“Cornelius was a Roman centurion. He was a man of wealth and noble birth, and his position was one of trust and honor. A heathen by birth, training, and education, through contact with the Jews he had gained a knowledge of God, and he worshiped Him with a true heart, showing the sincerity of his faith by compassion to the poor. He was known far and near for his beneficence, and his righteous life made him of good repute among both Jews and Gentiles. His influence was a blessing to all with whom he came in contact.”—The Acts of the Apostles, pp. 132, 133.
3. GOD SPEAKS TO UNCONSECRATED PEOPLE
a. What kind of person was Cain when God talked with him? Genesis 4:3–5, 8.
“Notwithstanding Cain’s disregard of the divine command, God did not leave him to himself; but He condescended to reason with the man who had shown himself so unreasonable. And the Lord said unto Cain, ‘Why art thou wroth? and why is thy countenance fallen?’ Through an angel messenger the divine warning was conveyed: ‘If thou doest well, shalt thou not be accepted? And if thou doest not well, sin lieth at the door’ (Genesis 4:6, 7). The choice lay with Cain himself. If he would trust to the merits of the promised Saviour, and would obey God’s requirements, he would enjoy His favor. But should he persist in unbelief and transgression, he would have no ground for complaint because he was rejected by the Lord.”—Patriarchs and Prophets, p. 74.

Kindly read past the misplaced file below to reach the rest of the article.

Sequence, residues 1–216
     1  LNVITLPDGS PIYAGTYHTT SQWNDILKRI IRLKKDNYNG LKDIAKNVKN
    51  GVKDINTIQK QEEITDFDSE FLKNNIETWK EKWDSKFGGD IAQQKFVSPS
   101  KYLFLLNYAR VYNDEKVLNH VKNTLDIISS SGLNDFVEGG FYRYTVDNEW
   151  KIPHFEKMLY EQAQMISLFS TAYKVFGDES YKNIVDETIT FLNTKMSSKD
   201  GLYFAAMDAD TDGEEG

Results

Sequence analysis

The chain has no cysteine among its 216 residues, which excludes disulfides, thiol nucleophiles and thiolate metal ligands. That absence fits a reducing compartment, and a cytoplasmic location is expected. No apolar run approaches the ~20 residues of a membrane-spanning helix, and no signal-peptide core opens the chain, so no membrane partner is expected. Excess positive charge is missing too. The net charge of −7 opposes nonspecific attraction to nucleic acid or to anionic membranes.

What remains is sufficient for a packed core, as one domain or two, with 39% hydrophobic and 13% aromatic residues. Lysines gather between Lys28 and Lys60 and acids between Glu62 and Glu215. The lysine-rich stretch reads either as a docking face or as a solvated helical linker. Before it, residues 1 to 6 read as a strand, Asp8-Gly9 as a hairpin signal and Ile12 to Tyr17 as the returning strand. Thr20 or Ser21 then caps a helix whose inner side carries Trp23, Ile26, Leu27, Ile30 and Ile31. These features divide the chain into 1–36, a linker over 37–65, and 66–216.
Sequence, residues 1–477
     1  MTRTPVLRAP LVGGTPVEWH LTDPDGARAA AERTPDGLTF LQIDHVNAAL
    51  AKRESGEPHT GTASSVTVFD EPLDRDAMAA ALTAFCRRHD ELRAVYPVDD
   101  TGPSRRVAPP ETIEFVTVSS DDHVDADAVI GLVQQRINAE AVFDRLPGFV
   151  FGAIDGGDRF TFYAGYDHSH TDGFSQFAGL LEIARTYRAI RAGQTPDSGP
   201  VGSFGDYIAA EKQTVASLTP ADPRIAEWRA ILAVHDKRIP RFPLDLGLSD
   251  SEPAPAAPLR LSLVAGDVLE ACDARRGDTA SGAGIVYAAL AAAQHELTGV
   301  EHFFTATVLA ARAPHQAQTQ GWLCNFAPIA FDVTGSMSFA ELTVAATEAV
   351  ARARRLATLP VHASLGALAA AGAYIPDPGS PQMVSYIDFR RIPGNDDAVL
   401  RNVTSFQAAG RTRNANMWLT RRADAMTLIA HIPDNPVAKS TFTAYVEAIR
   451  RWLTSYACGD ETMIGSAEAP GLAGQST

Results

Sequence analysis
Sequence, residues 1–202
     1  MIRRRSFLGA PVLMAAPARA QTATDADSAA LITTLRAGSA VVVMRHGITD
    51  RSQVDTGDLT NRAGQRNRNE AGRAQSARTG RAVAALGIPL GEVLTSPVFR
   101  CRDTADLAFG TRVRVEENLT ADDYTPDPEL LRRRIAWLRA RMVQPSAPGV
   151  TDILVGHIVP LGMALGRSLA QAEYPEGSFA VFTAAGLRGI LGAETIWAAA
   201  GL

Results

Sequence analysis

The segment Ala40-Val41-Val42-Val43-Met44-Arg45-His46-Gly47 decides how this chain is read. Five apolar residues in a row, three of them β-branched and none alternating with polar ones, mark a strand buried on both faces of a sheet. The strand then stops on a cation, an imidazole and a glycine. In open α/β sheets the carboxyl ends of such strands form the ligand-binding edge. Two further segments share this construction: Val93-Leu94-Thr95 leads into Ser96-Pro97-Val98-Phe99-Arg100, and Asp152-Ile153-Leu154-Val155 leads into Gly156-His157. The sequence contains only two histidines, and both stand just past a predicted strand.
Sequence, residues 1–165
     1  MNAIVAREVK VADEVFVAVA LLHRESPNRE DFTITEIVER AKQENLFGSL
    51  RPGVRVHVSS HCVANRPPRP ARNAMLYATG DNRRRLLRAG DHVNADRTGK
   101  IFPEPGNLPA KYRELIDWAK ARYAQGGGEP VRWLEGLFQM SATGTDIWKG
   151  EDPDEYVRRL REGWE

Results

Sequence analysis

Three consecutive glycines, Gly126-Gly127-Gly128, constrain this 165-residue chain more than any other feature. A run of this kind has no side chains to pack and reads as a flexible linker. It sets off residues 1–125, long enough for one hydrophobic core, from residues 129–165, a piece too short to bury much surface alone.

b. What kind of woman was Hagar at the time that God talked to her? Genesis 16:1–9.
c. What kind of person was the unnamed woman whom the Scribes and Pharisees brought to Christ? John 8:3, 4. What was she like after her conversation with Him? Verses 10, 11.
“The woman had stood before Jesus, cowering with fear. His words, ‘He that is without sin among you, let him first cast a stone,’ had come to her as a death sentence. She dared not lift her eyes to the Saviour’s face but silently awaited her doom. In astonishment she saw her accusers depart speechless and confounded; then those words of hope fell upon her ear, ‘Neither do I condemn thee: go, and sin no more’ (verse 11). Her heart was melted, and she cast herself at the feet of Jesus, sobbing out her grateful love, and with bitter tears confessing her sins.